How To Use Drywall Mud And Which Kind You Should Buy

Kevin Brown

Drywall mud is a gypsum-based joint compound used by contractors to cover tape and seams on drywall panels. It is a crucial step in the process of hanging drywall. Although applying drywall mud can be challenging at first, with practice, it becomes DIY-friendly.

How To Use Drywall Mud And Which Kind You Should Buy

Drywall mud is used when hanging sheetrock or drywall. It covers joints between panels and makes indentations flat. It is also useful for large repairs.

Drywall mud has a thin, paste-like consistency. Without it, walls would have cracks where drywall sheets meet, and a smooth paint job would be impossible. There are various types of drywall mud, all of which require tape for optimal performance.

Types Of Drywall Mud:

How To Use Drywall Mud And Which Kind You Should Buy

The two main types of drywall mud are premixed and powdered. Premixed mud is a paste that requires no preparation, while powdered mud needs to be mixed with water before use.

– All-purpose mud is a versatile, premixed option that is suitable for any drywall project. It is a good choice for beginners.

– Topping mud is a thin, pre-mixed topcoat that dries to a white finish and can be easily sanded. It is used for the final coat.

– Powdered drywall mud, also known as hot mud, contains chemicals that react with water. It dries quickly and shrinks less than all-purpose mud. Hot mud is recommended for experienced drywallers.

Drywall Mud Types

  • Timed drywall mud – dries in five minutes, fifteen minutes, or longer. Allows you to control the drying time.
  • Sanding mud – hardens fast and smoothly, used for finishing work and spackling. Specifically designed for a great finish when sanded.
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Drywall Mud Tape Types

How To Use Drywall Mud And Which Kind You Should Buy

Mud is the primary material for mudding, but tape is important too. Without tape, joints won’t be smooth. Tape goes over joints after the first coat of mud, depending on the type used.

– Paper tape – the most common and cheapest type. It can be cut, adjusted, and folded into corners. Paper tape has a learning curve and is not for beginners.

– Mesh tape – made from fiberglass threads to create a mesh like a window screen. It can be difficult to use, but self-adhesive mesh tape is beginner-friendly. It sticks directly to the wall without the need for a first coat of mud.

  • Preformed tape: Metal or plastic tape sold in solid strips. Best for corners and outside walls.
  • How To Use Drywall Mud

    How To Use Drywall Mud And Which Kind You Should Buy

    Learning to use drywall mud can be challenging, but with practice, you’ll get the hang of it. Here’s a step-by-step guide:

    1. Get ready: Protect your floor with a drop cloth and wear old clothing. Consider wearing goggles to shield your eyes from any splatter. Gloves aren’t necessary as the mud is easy to wash off when it dries, but it’s still advisable to protect your arms and eyes.

    2. Mix the drywall mud: If you’re using premixed mud, lightly stir it to remove any excess liquid. Add water if needed to achieve the desired consistency. Follow the mixing instructions on the package if you’re using a powder.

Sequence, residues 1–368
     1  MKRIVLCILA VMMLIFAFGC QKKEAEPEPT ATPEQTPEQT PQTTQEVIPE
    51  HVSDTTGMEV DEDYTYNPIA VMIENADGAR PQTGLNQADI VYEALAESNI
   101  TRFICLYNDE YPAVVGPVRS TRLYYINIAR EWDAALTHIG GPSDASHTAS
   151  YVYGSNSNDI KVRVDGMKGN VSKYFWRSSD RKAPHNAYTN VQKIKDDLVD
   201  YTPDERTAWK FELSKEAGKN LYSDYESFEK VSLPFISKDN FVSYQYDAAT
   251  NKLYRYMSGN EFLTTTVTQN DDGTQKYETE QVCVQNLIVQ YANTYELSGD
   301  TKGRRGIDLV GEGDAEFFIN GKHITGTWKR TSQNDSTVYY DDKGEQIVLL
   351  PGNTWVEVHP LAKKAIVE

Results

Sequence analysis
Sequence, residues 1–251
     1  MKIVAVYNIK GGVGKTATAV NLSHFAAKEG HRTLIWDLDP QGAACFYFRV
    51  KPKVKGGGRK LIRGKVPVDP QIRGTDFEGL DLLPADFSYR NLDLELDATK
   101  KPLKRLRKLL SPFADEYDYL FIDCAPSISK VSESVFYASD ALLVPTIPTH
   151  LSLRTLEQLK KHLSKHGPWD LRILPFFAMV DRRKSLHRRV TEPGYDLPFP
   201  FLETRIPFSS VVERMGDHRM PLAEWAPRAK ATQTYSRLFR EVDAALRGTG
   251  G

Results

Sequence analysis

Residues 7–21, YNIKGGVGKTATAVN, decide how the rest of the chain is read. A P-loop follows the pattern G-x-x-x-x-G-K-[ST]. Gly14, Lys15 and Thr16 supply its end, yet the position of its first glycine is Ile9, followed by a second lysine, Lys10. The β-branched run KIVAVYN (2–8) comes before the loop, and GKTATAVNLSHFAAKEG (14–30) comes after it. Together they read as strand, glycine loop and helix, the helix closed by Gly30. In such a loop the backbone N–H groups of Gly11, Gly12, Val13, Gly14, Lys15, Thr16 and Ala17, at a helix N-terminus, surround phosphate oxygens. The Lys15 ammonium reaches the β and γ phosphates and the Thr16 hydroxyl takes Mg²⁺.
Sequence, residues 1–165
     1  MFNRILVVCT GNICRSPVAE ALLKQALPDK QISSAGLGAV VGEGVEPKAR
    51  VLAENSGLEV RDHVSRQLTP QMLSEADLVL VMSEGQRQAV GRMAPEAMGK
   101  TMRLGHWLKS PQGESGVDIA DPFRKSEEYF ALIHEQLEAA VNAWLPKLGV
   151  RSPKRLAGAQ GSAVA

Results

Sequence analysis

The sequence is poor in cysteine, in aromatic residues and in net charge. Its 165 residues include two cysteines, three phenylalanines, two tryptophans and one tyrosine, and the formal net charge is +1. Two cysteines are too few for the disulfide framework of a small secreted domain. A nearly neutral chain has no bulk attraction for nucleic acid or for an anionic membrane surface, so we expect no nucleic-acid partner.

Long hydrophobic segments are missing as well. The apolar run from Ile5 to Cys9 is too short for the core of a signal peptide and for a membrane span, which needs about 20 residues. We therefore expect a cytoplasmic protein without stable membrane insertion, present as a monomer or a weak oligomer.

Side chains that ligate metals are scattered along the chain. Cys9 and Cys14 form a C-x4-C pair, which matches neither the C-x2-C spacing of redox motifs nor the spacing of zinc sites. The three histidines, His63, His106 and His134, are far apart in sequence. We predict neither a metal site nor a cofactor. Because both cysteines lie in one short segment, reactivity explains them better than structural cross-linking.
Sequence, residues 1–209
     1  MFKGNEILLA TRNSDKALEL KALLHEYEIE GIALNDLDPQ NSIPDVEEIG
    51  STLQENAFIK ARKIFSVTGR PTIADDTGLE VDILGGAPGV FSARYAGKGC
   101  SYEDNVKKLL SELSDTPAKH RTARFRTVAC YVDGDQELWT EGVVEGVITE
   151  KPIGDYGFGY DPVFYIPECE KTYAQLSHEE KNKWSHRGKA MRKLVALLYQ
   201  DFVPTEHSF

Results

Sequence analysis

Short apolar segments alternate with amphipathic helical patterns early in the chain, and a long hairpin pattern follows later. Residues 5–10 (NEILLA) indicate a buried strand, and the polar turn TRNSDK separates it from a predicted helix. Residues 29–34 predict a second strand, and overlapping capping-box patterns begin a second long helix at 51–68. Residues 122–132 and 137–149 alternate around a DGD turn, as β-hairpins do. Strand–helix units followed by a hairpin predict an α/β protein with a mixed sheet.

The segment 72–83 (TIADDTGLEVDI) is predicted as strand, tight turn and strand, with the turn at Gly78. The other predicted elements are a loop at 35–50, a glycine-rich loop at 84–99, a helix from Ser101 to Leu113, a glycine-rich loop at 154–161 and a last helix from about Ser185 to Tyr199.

3. Apply the first coat: Start applying the mud to the surface.

    How To Use Drywall Mud And Which Kind You Should Buy

    Apply mud to the joints and screw indentations. Begin with the screw marks, adding a swatch of mud to each mark. Then, add a thin coat of mud to your first joint, ensuring it is slightly wider than the tape used.

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    After applying the mud, use your drywall knife to smooth it out. Make sure to use a firm, angled motion, but avoid applying too much pressure, as this can remove some of the joint compound.

    Now, tape the first joint that was mudded. Do one joint at a time – mud first, then tape. After placing the tape over the mud, smooth it out using a trowel or mudding knife.

    The surface should be flat once finished.

    For corners, apply a thin coat of mud to both sides of the inside corners. Crease the tape and smooth it out to fit into the corner.

    Smooth the paper tape carefully using your trowel, alternating sides for an even finish. Use preformed corners for outside corners, such as metal ones that can be screwed into the drywall.

    How To Use Drywall Mud And Which Kind You Should Buy

    After the first coat is dry, apply a second coat of mud. Even the tape needs a thin layer over it, which should be smoothed out.

    If there are no visible tape or indentations after the mud dries, move to the next step. However, if the surface is not smooth enough, let everything dry and apply one more coat.

    Step 8: Sand

    Put on your mask and goggles, and start sanding. Keep the drop cloth on the floor to catch the mess.

    Use your chosen sander to lightly sand the surface until it is flat and free of bumps. For manual sanding, use a 150-180 grit sanding sponge or sandpaper. If using a power sander, use 150-220 grit sandpaper.

    Be careful, if you over-sand, you’ll need to add more drywall mud, allow it to dry, then resand.

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    Step 9: Stomping With Drywall Mud (Optional)

    If this is your first time using drywall mud, you may want to stomp your walls instead of just painting them since stomping covers more mistakes.

    There are many drywall designs to choose from, and all are fairly easy to accomplish. The easiest way to stomp is to use stomping mud and a stomping brush. Then you lightly stomp the mud in a random pattern, covering the entire wall.

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